-gave Jim O’Brien a one-way deal (two years!)
-traded a 6th round pick (Pontus Sjalin) for Matt Kassian (!)
-traded Ben Bishop for Cory Conacher and the pick that became Tobias Lindberg
-brought back Joe Corvo (!)
-signed David Legwand (for two years)
-etc, etc, etc

He also waived Mike Hoffman through the league, was going to trade Patrick Wiercioch for a 3rd round pick, and on and on (Francis Lessard played NHL games under his watch).  It’s clear that if it weren’t for the scouts and Tim Murray in particular the team would be starving for talent and loaded up with broken down, ineffective veterans.  Obviously there have been successes, but the above (going back to an era without an internal budget) illustrates an inability to properly assess talent.


The Sens prospect update is a little funny in that Tim Boyle is included despite the organisation cutting ties with him over the summer (amusingly, he couldn’t maintain a roster spot in the ECHL and is plugging away in the SPHL).  The main takeaways from the report: all the prospects in the QMJHL are doing well (Tomas ChabotFrancis PerronFilip Chlapik), the non-goaltending Swedes are not (Filip AhlChristian JarosAndreas Englund), and the collegiate players are a mixed bag (Colin White and Christian Wolanin are the standouts).  Marcus Hogberg has a poor save percentage (.896), but is winning a lot (7-2-1).  The org must be high on Englund–no points, but leading the team in hits….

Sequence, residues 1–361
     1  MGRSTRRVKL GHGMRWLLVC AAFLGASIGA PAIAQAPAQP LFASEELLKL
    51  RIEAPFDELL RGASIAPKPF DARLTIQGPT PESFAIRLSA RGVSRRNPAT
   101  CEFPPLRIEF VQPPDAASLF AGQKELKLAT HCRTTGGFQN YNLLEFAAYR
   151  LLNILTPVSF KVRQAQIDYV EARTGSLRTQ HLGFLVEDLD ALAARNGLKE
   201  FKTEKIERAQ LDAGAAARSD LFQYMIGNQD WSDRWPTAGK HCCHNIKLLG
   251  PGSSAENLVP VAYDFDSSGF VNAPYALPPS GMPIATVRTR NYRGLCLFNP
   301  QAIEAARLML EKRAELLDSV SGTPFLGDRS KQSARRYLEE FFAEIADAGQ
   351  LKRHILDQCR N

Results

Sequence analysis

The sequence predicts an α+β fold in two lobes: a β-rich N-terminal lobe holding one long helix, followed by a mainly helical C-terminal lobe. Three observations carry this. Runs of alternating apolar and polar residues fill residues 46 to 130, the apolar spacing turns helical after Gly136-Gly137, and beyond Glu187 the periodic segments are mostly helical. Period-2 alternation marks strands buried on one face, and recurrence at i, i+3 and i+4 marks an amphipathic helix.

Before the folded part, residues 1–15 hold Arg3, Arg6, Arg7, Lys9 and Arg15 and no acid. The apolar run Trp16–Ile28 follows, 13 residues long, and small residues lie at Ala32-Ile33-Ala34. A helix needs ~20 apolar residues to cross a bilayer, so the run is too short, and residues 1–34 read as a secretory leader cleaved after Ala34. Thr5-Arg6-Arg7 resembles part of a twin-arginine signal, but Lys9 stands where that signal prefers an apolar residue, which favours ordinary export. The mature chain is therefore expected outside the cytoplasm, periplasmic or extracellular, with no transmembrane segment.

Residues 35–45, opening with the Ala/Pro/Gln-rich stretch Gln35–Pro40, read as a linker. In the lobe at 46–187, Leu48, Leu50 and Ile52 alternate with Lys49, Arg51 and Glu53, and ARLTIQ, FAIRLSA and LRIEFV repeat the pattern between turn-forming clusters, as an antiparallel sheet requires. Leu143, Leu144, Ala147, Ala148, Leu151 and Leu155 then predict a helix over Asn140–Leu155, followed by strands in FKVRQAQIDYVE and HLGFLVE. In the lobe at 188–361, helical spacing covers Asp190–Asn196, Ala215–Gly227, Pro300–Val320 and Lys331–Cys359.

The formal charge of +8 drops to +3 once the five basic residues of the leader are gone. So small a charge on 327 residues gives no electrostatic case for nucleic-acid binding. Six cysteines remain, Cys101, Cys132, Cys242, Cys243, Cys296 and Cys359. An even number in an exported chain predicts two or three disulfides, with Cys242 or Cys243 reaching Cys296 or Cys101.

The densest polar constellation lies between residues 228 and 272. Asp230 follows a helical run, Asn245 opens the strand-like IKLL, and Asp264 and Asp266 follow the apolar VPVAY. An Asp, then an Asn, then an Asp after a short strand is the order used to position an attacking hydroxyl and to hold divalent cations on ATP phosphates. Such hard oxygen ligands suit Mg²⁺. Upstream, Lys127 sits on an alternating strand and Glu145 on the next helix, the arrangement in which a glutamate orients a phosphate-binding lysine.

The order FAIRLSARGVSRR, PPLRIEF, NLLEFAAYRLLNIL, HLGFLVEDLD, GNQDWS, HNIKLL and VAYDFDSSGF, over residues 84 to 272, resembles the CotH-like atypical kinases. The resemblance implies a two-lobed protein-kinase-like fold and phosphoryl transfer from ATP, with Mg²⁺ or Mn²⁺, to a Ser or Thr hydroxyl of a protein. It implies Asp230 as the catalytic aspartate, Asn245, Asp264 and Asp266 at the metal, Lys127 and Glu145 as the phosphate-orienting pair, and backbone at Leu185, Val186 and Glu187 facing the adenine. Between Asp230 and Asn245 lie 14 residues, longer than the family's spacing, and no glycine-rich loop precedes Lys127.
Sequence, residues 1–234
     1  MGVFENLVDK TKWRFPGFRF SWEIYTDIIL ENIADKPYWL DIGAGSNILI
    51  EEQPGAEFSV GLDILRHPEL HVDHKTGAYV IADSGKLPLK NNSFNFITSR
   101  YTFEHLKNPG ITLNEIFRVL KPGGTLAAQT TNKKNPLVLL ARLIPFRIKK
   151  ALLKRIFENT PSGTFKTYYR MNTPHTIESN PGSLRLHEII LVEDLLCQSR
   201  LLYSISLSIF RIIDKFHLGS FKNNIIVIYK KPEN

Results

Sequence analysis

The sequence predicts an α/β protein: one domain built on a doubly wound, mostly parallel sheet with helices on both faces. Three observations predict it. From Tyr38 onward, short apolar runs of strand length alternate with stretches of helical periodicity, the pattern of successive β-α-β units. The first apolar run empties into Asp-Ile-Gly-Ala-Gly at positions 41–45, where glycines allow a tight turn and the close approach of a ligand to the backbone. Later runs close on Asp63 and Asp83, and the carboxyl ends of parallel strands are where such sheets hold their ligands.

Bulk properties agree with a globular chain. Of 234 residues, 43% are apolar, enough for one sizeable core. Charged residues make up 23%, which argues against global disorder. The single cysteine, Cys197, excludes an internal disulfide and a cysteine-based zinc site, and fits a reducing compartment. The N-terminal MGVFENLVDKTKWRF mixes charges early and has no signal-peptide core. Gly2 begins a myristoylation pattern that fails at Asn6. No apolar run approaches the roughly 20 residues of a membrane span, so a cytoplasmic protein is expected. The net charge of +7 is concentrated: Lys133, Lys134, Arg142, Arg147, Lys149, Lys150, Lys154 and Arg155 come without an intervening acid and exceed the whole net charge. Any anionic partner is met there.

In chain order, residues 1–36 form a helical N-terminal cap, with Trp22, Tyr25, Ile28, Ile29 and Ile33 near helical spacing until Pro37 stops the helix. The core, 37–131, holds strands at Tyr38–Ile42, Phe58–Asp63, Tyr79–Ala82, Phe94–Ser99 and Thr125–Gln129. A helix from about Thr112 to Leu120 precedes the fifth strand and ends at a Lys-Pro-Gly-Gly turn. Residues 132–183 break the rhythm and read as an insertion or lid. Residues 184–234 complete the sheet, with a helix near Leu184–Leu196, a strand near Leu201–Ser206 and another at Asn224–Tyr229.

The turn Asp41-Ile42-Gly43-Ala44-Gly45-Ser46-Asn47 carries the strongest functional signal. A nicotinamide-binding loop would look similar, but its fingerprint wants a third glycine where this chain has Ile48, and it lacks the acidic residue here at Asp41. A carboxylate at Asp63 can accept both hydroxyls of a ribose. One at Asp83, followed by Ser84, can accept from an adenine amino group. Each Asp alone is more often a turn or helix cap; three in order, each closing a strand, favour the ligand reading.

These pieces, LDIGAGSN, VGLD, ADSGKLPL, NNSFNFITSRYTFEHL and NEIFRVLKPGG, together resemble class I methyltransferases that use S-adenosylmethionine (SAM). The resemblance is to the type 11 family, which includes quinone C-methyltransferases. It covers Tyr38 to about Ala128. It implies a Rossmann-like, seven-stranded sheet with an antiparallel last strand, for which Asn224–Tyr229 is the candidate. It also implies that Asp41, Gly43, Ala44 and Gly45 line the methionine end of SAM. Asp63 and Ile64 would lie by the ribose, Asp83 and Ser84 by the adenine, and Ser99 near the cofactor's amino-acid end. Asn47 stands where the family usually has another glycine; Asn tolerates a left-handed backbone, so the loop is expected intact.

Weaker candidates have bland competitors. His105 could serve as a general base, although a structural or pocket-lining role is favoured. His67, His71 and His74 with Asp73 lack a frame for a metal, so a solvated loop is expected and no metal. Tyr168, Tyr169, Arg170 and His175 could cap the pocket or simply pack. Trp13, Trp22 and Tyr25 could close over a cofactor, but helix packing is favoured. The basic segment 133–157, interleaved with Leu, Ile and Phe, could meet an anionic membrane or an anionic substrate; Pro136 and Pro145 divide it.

Evansville lost the re-match to Wheeling 4-2 on Sunday; former AHLer Matt Hussey was either scratched or injured (I couldn’t determine which, but the former wouldn’t surprise me as one assist in eight games and a minus eight is no return on the investment).  A look at the goals (Bengtsberg had to leave the game early in the second due to injury; Asmundsen came in and earned the loss):